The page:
Ghani blames Pakistan for failure of peace initiatives


NATO makes fresh funding, troop pledge for Afghanistan

Warsaw— Afghan President Ashraf Ghani on Saturday said the peace initiatives taken by Afghanistan with Pakistan are not successful as Pakistan differentiates between good and bad terrorists “in practice”.
“Our regional initiatives with neighbours are beginning to yield significant cooperative dividends. However, the exception is with Pakistan,” the Afghan president said during his speech on second day of Nato summit.
He added that despite clear commitments to the quadrilateral peace process, “Pakistan’s dangerous distinction between good and bad terrorists is being maintained in practice.”
“The key problem among our neighbouring states is an absence of agreed rules of the game, thus we seek regional and global support in creating those rules, which will bind us to collective security and harmony,” said Ghani.
The Afghan president maintained that the world leaders should understand that Afghanistan is facing a multi-dimensional conflict and is fighting all sorts of groups “ranging from Al-Qaeda and Daesh to terrorist groups with Central Asian, Chinese, and Russian origins, to Pakistani groups classified as terrorists by Pakistan and the Afghan Taliban groups”.
Citing the 2015 Makkah declaration against terrorism as an example, Ghani claimed that Afghanistan’s dialogue within the Arab-Muslim community was also productive.
He was of the view that the recent terrorist attack near the Mosque of the Holy Prophet (PBUH) in Madina has outraged the Muslim community and “should result in a consensus against the tiny minority that is attempting to hijack our civilisation.”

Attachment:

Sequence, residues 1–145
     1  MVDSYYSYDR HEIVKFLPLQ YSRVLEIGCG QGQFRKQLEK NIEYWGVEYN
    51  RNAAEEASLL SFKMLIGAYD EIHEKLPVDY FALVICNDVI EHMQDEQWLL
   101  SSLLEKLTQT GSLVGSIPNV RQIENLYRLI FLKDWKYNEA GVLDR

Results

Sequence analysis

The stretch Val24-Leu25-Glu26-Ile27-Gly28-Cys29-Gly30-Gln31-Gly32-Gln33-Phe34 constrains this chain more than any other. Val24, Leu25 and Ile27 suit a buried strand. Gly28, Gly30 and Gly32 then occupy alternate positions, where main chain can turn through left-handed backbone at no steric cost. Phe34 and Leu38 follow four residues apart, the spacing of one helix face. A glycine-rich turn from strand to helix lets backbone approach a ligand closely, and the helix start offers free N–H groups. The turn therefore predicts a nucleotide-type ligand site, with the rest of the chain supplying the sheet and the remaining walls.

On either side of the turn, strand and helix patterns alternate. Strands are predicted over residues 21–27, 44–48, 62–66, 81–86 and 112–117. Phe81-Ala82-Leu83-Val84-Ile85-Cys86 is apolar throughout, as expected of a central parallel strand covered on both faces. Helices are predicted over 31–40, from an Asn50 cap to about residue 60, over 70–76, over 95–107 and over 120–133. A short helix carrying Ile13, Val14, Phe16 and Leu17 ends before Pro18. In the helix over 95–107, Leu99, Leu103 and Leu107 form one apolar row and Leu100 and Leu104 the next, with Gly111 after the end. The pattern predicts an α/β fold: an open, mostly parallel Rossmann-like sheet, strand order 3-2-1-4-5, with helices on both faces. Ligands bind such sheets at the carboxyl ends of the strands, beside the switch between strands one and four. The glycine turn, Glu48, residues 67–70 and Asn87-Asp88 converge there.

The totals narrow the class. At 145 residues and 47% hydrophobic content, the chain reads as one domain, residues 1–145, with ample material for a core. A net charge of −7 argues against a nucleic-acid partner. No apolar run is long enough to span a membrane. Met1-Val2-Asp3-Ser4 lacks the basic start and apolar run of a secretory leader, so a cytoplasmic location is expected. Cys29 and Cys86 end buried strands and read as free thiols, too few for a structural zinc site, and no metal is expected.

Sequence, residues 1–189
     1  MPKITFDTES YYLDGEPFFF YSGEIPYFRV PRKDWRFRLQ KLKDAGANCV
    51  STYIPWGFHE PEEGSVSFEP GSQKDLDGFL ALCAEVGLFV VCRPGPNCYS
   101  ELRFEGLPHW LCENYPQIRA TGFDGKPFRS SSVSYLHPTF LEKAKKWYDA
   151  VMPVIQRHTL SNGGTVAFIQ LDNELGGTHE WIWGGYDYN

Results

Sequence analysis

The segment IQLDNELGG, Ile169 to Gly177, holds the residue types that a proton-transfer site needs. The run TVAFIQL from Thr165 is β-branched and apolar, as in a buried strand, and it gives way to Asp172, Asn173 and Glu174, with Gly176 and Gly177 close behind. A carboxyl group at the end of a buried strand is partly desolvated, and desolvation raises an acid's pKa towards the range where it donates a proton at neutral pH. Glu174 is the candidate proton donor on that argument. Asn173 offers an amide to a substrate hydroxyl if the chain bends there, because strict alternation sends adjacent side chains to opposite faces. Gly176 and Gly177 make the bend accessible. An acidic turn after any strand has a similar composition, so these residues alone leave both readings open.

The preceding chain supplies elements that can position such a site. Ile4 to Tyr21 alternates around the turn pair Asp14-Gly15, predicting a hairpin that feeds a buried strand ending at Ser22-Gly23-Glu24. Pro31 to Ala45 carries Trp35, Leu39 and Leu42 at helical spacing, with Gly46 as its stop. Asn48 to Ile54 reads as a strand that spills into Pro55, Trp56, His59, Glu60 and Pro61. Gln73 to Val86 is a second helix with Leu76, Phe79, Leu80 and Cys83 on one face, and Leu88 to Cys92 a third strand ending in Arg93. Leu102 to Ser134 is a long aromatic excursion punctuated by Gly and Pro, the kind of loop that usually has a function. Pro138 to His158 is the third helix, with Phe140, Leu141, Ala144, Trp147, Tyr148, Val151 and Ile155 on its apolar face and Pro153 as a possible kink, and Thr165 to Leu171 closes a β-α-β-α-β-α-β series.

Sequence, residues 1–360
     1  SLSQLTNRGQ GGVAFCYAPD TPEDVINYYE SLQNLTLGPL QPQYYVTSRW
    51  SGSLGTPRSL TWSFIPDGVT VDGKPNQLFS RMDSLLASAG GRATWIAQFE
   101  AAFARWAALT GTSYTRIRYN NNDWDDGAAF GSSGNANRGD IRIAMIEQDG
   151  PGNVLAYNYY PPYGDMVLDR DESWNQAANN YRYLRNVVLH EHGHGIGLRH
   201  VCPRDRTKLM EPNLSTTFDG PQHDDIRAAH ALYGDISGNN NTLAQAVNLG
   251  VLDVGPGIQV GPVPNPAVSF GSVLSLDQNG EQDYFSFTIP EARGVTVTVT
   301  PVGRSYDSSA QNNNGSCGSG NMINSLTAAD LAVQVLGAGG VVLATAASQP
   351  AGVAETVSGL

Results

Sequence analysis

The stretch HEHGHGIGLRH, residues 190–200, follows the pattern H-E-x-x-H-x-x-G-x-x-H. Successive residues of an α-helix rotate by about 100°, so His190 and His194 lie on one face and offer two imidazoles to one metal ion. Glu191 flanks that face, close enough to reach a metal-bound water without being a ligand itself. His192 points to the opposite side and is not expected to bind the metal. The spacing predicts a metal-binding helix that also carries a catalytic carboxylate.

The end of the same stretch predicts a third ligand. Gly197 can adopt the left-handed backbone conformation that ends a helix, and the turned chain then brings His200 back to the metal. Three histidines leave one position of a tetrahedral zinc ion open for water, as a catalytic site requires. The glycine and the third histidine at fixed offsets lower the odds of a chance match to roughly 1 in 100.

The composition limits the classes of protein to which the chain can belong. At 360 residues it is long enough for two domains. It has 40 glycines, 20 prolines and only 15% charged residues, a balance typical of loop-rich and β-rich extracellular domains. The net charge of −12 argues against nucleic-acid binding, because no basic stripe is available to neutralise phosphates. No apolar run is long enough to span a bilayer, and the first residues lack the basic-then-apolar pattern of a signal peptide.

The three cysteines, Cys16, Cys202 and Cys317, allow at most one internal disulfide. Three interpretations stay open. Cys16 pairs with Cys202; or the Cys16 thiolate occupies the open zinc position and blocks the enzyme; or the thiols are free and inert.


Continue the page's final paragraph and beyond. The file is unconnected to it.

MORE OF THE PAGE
Meanwhile, NATO agreed Saturday to maintain troop numbers in Afghanistan and reiterated a funding pledge for local security forces through 2020, but officials did not say when the alliance’s longest military engagement might end.
“There’s no reason to speculate exactly on how long it will continue,” NATO Secretary-General Jens Stoltenberg said at an alliance summit in Warsaw.
“What we have seen is we are committed, and we are ready to stay.” about 13,000 NATO troops, of which nearly 10,000 are American, are currently stationed in Afghanistan under Operation Resolute Support, to train and assist Afghan security forces.
Stoltenberg said NATO will keep thousands of troops in Afghanistan through 2017 under Resolute Support.
He did not provide additional details, but said troop levels would about the same as this year, with “around” 12,000 deployed.
The 28-nation US-led alliance would look at the situation again next year before deciding future force commitments.
The NATO mission in Afghanistan costs about $5 billion a year (4.5 billion euros), with approximately $3.5 billion coming from the United States. Stoltenberg said other allies had “nearly” gathered about $1 billion for next year. The remaining funds are due to come from Afghanistan.— Agencies

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